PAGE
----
Those classconditionalposterior probabilities must sum to one, and therefore need to be normalized. However, a HMM needs the conditional prior probabilities p(yx_{i}). Assuming there are enough training data and that the training does not get held up in poorly performing local minima, the feedforward neural network is able to approximate the prior probabilities thanks to Bayes' rule. Indeed, p(yx_{i})=p(x_{i}y) x p(y)p(x_{i}). The prior probability distribution of classes is contextdependent but can be estimated by counting the classes occurence of classes in the learning set, or by introducting prior knowledge. The prior probability of the observation vector can be discarded as for each time step; it is independent of the phone class.
The HMM and observation sequence finally provide, thanks to the Viterbi algorithm, the most likely state sequence which caused the observed acoustic data sequence.
 [1] Hall J., Scandella L. (1995). “Estimation of Critical Formation Evaluation Parameters Using Techniques of Neurocomputing”, Society of Professional Well Log Analysts Annual Logging Symposium, 36th, Paris, France, 1995, Transactions, p. PPP1PPP12.
 [2] Gingerich, P. D. (1969). “Markov analysis of cyclic alluvial sediments.” Journal of Sedimentary Petrology 39: 330332.
 [3] Miall, A. D. (1973). “Markov chain analysis applied to an ancient alluvial plain succession.” Sedimentology 20: 347364.
 [4] Carr, T. R. (1982). “Loglinear models, markov chains and cyclic sedimentation.” Journal of Sedimentary Petrology 53(2): 905912.
 [5] Powers, D. W., Easternling, R. G. (1982). “Improved methodology for using embedded Markov chains to describe cyclical sedimentation.” Journal of Sedimentary Petrology 52(3): 913923.
 [6] Eidsvik, J., Mukerji, T, Switzer P. (2002). “Estimation of geological attributes from a North Sea well log: an application of hidden Markov chains”, Norges Teknisk—Naturvitenskapelige Universitet, submitted for publication in 2002.
 [7] Schumann A. (2002). “Hidden Markov Models for Lithological Well Log Classification”, Freie Universitat Berlin. Presented at the Annual Conference of the International Association for Mathematical Geology, 2002.
 [8] Padron, M., GarciaSalicetti, S., Barraez, D., Dorizzi, B., Thiria, S. (2002). “A Hidden Markov Model Approach For Lithology Identification From Logs”, Institut National des Telecommunications Evry, Univesidad Central de Venezuela Caracas, Universite Pierre et Marie Curie Paris. Submitted for the 3rd Conference on Artificial Intelligence Applications to the Environmental Science, 83^{rd }Annual Meeting of American Meteorological Society, 2003.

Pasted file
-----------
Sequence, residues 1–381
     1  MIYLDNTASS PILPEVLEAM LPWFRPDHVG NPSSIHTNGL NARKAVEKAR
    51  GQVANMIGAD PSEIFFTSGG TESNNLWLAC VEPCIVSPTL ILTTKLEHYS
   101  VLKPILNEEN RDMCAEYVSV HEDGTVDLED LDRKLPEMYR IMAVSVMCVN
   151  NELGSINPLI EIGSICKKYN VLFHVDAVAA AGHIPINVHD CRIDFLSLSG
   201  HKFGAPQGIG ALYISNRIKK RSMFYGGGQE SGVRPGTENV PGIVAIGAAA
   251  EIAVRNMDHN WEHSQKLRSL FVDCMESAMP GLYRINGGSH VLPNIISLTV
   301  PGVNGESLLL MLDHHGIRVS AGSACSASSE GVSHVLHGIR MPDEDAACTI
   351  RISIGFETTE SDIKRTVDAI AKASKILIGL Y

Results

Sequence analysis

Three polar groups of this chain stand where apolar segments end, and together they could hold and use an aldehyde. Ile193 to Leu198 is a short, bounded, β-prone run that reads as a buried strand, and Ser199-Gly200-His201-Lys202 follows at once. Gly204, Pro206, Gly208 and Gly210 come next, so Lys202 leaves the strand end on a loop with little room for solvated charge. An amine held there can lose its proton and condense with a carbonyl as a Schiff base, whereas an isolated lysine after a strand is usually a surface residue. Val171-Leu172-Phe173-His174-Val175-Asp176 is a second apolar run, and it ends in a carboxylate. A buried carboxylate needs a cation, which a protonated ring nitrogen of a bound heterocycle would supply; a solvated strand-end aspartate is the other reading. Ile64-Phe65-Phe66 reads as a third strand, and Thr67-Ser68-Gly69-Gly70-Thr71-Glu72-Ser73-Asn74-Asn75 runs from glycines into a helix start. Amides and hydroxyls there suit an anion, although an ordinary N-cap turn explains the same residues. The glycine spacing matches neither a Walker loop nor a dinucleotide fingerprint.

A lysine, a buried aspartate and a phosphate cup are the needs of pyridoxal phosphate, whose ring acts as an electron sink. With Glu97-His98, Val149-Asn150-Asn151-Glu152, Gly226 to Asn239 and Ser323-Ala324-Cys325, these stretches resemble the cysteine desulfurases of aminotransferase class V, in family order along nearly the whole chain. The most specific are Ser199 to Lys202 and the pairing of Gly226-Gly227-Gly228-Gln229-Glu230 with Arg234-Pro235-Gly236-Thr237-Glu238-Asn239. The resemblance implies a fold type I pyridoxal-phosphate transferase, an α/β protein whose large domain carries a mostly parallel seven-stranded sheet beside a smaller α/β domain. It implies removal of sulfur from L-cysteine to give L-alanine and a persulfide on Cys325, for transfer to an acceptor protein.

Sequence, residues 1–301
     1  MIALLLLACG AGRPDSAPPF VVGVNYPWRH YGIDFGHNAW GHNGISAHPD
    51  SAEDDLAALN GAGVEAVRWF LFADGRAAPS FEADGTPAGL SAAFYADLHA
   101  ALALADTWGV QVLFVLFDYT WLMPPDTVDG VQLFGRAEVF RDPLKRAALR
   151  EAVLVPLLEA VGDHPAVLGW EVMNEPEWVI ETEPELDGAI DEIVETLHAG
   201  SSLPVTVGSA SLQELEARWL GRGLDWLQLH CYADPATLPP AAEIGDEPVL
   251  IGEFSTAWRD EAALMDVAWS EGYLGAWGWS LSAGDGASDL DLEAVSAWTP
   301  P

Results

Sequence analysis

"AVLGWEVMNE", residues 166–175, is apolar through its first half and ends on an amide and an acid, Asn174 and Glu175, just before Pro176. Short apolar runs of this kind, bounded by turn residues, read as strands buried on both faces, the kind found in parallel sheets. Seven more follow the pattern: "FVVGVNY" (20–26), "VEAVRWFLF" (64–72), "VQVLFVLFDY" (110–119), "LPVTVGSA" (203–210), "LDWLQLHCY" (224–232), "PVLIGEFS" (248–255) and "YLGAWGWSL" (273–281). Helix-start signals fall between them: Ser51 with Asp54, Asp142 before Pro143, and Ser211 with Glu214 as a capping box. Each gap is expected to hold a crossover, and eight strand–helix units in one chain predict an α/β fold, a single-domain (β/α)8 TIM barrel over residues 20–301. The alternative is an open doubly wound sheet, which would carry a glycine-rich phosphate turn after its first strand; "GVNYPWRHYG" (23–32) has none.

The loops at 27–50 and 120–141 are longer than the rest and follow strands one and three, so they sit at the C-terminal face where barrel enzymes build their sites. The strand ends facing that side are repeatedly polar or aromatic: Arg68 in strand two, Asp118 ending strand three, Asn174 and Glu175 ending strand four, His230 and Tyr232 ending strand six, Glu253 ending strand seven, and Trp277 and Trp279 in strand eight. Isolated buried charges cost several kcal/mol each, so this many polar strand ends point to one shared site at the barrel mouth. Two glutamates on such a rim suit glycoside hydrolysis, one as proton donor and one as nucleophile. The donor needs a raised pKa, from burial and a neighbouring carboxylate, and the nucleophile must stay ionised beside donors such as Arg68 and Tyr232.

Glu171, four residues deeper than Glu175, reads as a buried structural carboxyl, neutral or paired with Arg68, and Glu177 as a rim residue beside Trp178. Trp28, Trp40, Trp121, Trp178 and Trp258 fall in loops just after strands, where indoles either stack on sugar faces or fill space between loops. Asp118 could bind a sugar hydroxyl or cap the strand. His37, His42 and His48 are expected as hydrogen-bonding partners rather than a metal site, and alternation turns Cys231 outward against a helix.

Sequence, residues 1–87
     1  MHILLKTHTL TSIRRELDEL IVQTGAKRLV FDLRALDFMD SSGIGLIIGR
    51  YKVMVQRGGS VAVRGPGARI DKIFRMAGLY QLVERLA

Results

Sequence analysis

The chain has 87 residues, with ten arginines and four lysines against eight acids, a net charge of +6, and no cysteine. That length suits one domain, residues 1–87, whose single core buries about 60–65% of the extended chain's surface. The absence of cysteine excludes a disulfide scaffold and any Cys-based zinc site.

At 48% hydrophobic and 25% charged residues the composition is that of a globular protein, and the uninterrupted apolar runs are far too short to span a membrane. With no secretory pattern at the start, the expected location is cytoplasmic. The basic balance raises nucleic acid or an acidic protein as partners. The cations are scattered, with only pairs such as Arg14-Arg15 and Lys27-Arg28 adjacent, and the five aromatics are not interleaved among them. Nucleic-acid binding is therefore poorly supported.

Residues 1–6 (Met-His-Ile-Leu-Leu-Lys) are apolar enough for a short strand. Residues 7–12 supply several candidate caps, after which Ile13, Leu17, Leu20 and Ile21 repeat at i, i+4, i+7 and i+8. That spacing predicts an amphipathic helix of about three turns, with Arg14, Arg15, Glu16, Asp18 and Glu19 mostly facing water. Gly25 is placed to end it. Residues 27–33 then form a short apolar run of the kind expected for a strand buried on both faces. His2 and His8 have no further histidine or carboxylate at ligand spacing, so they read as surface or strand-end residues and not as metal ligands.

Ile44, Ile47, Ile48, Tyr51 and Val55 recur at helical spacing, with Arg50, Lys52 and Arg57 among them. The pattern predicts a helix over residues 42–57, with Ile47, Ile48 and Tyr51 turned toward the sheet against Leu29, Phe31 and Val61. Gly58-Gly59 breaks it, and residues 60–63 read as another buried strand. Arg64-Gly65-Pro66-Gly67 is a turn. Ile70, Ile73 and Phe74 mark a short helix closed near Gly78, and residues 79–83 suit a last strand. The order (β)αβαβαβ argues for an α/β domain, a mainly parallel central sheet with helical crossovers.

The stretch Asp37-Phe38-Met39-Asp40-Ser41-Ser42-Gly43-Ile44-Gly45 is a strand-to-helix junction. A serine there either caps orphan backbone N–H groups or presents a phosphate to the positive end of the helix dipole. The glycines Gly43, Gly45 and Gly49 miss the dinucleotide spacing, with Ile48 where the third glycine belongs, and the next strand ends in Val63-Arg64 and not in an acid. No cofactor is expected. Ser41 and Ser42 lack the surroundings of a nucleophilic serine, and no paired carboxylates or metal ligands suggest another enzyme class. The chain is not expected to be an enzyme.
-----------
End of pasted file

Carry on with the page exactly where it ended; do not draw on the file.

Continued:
[9] Srivastava S. (2001). “Hybrid Neural Network/HMM Based Speech Recognition”, Department for Electrical and Computer Engineering, Mississippi State University, 2001.
 [10] Renals, S., Morgan, N., Bourlard, H., Cohen, M., Franco, H. (1994). “Connectionist Probability Estimators in HMM Speech Recognition”. IEEE Trans. Speech and Audio Processing, 2:161175, 1994.
 [11] Albesano, D., Gemello, R., Mana, F., (1996). “Speaker independent isolated word recognition system using neural networks”, U.S. Pat. No. 5,566,270, Oct. 15, 1996.
 [12] Bishop C. (1995). Neural Networks for Pattern Recognition, Oxford Press 1995.
The starting point of this invention consists of enhancing the neural networks algorithms to make their predictions more accurate and robust in oilfield applications.
In a first aspect, the invention concerns a system for inferring geological classes from oilfield well input data comprising a neural network for inferring class probabilities, characterized in that said system further comprises means for integrating class sequencing knowledge and optimising said class probabilities according to said sequencing knowledge.
Preferably, the means for integrating class sequencing knowledge and optimising said class probabilities according to said sequencing knowledge comprises a hidden Markov model.
In a second aspect, the invention concerns a method for inferring geological classes from oilfiled well input data, comprising the following steps:—inferring class probabilities with a neural network; and—integrating class sequencing knowledge and optimising said class probabilities according to said sequencing knowledge.
Preferably, integrating class sequencing knowledge and optimising said class probabilities according to said sequencing knowledge is achieved according to a hidden Markov model.
Advantageously, the invention relates to a system and method for inferring geological classes from singlechannel oilfield input data by applying hybrid neural network hidden Markov models classifiers.